Richard Hermann is owner and CEO of TC Technologies, Inc. The company is dedicated to delivering Smart Office Document Solutions for our clients. This includes cost containment, cost reduction and business process enhancements to improve the production and use of documents both hardcopy and electronically. For more information please visit http://www.tctechnologies-inc.com.

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Canon Ink Cartridges Review – A Look at Canon Printers and Technology

Canon Ink Cartridges Review – A Look at Canon Printers and Technology

Canon is one of the most recognizable names in the printing industry. For decades, the company has been manufacturing printers, cameras, ink, toners, quality paper, and more. If you own any type of printer from this company, you need some quality Canon ink cartridges. Not only does this ink produce superior printouts, it’s also easy to replace.

If you don’t yet have a Canon printer, you need to consider getting one – especially if you plan on printing out photographs. Since this brand is the leader of photography products, it makes sense that they offer ink that can print out photos in amazing clarity.

Canon Ink and Printing Options

There are a few different options to choose from: regular ink, professional ink, and black ink. There are also toner cartridges to consider if you have a laser printer. The inks are primarily pigment based. This means you can expect professional quality prints. Genuine Canon cartridges feature Full Photolithographic Inkjet Nozzle Engineering FINE) technology for detail and sharpness. The ink actually “dyes” the text or photo on the paper to ensure quick drying. If you have to print out many photos or documents, the quick drying process will save you time.

As with all ink and toner cartridges, you will need a specific model number that is compatible with your printer. Depending on the type of printer you have, you might need more than one cartridge. Some printers are compatible with all-in-one units, and some require that each color be individually replaced.

Examples of Canon Ink Cartridges

If you have an inkjet photo printer, you’ll need cartridges such as the 4530B001AA pigment black ink, 4548B001AA magenta ink, and 4550B001AA gray ink in order to produce true to lifephotos. Keep in mind that gray ink isn’t something that is usually sold individually – especially for photo printers. You will want to use this cartridge if it’s compatible with your model.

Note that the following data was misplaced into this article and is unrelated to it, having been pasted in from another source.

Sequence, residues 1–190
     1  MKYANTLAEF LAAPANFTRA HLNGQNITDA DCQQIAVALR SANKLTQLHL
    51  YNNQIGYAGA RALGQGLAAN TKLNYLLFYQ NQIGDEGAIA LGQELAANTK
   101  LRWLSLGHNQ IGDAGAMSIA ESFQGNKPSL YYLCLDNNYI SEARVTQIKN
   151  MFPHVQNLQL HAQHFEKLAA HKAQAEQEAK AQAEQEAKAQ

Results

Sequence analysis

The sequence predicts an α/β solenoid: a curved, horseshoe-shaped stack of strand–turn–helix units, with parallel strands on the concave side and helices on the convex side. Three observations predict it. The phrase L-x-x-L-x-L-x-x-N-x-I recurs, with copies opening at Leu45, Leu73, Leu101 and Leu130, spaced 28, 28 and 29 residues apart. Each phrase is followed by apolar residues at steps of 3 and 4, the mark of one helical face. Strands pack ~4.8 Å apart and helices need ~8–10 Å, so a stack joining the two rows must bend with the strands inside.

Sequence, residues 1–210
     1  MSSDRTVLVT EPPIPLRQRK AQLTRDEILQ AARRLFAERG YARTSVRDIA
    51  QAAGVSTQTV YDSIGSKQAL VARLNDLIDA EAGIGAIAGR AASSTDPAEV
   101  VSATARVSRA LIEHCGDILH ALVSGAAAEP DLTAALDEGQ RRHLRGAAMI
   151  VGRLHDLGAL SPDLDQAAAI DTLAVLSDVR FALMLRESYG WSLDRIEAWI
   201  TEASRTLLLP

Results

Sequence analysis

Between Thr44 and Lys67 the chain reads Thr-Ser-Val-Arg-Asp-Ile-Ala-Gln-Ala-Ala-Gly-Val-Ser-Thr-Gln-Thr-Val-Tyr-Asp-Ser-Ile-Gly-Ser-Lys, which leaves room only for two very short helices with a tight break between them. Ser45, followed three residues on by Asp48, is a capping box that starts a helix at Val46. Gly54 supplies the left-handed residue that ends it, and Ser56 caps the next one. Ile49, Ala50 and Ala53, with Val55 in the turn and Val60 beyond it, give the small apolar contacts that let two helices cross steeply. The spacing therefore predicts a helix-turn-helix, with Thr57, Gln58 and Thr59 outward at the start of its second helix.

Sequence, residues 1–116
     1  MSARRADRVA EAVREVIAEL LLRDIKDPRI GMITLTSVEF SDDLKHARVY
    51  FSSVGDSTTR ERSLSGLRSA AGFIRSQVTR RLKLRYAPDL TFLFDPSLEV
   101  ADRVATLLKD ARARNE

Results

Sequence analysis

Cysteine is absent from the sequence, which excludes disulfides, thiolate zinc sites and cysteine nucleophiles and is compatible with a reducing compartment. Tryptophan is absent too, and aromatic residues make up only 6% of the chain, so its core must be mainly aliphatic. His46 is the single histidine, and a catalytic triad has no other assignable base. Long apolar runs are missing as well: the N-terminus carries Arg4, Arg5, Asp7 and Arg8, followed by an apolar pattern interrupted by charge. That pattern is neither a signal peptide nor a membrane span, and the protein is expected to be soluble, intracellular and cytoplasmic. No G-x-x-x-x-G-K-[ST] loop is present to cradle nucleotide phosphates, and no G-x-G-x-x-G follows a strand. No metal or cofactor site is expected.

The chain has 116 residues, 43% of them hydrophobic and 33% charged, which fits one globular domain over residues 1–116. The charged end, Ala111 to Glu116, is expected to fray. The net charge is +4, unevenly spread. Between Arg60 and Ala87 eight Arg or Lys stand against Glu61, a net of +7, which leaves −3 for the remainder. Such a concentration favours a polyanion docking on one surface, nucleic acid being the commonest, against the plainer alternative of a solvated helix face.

Sometimes you can find deals on cartridge multipacks. The genuine CLI-8 cartridge multipack (0621B016), for instance, is a pack of every color you need for printing photographs and documents both. This one multipack comes with yellow, cyan, and magenta cartridges. There are dozens of compatible printers, including the IP and Pro 9000 models.

Buying Genuine Canon Ink

Since there are scams out there, you need to make sure that the Canon ink cartridges you order are genuine and not fraudulent. Now, remanufactured ink cartridges might be okay, just as long as you order from a legitimate seller that has established a positive reputation. Legitimate sellers are upfront about the fact that their ink is remanufactured. Usually, the quality is excellent, and the prices are inexpensive.

If you are trying to run a business, the quality of your printouts is an essential factor. Cheap looking printouts will make your company look bad. Even if you just want to print out pictures for personal use, you owe it to your loved ones to produce quality printouts. The images should have fine details. The colors should contrast flawlessly. Text should be nice and clear. Canon is one of the few brands that can guarantee quality printouts.

Don’t let the price concern you – there are usually some good deals available online. Also, remanufactured Canon ink cartridges might be a good choice, just as long as you order it from a reputable company.